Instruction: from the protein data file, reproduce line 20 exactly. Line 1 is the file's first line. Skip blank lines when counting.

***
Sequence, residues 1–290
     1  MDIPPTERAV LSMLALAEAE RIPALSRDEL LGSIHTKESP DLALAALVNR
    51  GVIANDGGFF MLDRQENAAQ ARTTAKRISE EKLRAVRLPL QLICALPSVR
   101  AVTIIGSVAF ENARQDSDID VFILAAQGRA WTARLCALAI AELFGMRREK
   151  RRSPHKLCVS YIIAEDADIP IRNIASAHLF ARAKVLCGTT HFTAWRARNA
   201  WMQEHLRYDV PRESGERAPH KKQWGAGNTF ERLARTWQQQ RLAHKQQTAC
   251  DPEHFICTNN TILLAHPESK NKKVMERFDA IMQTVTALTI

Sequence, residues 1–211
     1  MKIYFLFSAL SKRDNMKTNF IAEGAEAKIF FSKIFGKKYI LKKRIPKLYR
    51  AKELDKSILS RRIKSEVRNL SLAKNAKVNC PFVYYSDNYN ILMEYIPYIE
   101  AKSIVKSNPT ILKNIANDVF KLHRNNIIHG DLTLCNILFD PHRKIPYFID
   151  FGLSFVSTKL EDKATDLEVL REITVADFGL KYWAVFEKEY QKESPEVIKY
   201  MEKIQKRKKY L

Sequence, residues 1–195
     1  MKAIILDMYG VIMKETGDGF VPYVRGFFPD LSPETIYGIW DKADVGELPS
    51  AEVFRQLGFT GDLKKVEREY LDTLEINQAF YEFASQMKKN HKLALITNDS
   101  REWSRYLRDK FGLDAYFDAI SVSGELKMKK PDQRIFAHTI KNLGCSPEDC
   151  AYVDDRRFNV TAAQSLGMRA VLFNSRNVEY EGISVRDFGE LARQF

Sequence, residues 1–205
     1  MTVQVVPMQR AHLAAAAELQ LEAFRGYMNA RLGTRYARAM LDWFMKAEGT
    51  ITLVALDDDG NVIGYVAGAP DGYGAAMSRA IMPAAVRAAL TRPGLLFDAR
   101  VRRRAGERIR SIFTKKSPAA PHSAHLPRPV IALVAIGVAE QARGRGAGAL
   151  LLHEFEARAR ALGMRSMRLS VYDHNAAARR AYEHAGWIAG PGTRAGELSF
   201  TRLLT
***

     1  MTVQVVPMQR AHLAAAAELQ LEAFRGYMNA RLGTRYARAM LDWFMKAEGT